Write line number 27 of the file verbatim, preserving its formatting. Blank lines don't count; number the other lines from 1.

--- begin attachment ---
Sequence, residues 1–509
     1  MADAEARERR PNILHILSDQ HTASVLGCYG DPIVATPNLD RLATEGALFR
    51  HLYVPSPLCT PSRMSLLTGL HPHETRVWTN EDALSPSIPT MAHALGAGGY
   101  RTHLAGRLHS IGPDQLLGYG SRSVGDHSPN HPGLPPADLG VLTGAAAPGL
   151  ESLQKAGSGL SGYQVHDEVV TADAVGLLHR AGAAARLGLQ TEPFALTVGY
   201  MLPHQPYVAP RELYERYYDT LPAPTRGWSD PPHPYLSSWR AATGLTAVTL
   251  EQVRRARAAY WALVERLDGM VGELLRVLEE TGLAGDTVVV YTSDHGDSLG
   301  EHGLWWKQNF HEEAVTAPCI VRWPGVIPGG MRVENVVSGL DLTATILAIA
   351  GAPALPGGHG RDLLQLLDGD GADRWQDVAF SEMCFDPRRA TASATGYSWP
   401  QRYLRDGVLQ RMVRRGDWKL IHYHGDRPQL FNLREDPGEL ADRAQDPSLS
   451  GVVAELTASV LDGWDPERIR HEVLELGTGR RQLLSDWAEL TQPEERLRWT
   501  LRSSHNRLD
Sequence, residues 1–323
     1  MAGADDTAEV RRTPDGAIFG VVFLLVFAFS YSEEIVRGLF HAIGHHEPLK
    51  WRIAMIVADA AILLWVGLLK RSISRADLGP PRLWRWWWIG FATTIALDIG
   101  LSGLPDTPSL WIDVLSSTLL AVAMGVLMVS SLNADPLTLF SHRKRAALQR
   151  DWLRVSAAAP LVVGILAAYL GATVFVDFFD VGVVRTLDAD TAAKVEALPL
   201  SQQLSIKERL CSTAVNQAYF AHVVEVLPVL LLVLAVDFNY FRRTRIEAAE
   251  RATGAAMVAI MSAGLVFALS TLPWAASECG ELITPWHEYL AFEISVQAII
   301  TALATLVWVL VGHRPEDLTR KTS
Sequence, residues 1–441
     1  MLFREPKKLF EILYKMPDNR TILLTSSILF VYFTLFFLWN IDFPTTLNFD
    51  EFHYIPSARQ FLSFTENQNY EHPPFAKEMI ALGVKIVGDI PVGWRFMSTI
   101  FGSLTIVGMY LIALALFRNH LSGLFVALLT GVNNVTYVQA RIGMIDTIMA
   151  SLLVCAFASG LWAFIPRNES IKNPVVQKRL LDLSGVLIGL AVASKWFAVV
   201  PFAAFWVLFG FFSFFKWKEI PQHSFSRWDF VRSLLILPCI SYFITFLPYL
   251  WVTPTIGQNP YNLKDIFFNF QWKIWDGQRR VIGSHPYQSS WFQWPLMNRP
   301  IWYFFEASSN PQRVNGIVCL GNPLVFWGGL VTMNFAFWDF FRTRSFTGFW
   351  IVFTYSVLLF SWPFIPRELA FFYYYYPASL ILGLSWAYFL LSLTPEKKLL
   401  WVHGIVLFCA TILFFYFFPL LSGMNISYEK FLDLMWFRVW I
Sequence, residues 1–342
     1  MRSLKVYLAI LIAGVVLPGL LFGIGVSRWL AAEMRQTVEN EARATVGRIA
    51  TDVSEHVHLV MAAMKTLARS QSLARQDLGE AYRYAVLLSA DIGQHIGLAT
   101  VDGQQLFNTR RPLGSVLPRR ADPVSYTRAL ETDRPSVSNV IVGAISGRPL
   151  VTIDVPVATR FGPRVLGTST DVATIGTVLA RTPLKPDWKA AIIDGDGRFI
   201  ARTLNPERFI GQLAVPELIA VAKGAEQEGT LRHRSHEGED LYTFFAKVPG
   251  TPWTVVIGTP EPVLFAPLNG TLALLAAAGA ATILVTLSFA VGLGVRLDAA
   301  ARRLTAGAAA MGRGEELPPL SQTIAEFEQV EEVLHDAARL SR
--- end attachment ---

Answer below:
   251  WVTPTIGQNP YNLKDIFFNF QWKIWDGQRR VIGSHPYQSS WFQWPLMNRP